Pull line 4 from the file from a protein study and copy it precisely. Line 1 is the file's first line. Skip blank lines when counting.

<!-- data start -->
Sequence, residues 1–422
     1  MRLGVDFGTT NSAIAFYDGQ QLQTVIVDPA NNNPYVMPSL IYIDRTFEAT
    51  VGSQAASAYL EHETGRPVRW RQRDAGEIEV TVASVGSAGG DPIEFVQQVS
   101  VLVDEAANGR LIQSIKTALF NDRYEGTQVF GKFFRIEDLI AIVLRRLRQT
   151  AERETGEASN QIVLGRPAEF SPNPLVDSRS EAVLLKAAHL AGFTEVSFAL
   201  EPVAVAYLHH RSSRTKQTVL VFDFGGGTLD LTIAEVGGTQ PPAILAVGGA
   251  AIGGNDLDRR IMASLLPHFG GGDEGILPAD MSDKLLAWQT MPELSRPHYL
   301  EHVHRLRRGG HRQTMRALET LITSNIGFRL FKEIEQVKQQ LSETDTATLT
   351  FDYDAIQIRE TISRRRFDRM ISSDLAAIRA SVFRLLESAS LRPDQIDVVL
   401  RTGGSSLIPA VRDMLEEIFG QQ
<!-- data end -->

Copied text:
   101  VLVDEAANGR LIQSIKTALF NDRYEGTQVF GKFFRIEDLI AIVLRRLRQT